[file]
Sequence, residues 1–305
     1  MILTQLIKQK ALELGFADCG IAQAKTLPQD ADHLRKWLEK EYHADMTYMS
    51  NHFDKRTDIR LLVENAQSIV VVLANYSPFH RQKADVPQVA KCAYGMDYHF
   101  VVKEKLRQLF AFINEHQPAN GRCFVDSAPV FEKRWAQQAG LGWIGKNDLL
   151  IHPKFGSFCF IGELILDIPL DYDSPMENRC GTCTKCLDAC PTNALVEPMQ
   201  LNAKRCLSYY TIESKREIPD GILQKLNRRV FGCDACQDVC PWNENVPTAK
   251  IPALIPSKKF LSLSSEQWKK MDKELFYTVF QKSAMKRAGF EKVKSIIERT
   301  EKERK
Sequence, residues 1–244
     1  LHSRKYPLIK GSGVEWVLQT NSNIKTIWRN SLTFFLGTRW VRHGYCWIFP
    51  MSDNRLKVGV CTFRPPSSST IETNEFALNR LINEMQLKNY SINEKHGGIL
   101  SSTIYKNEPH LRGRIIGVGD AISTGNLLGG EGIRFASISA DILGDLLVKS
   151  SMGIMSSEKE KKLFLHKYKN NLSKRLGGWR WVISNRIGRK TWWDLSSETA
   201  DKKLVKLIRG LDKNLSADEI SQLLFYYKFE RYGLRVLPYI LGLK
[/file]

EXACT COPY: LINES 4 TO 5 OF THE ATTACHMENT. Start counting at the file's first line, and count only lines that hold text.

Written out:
   101  VVKEKLRQLF AFINEHQPAN GRCFVDSAPV FEKRWAQQAG LGWIGKNDLL
   151  IHPKFGSFCF IGELILDIPL DYDSPMENRC GTCTKCLDAC PTNALVEPMQ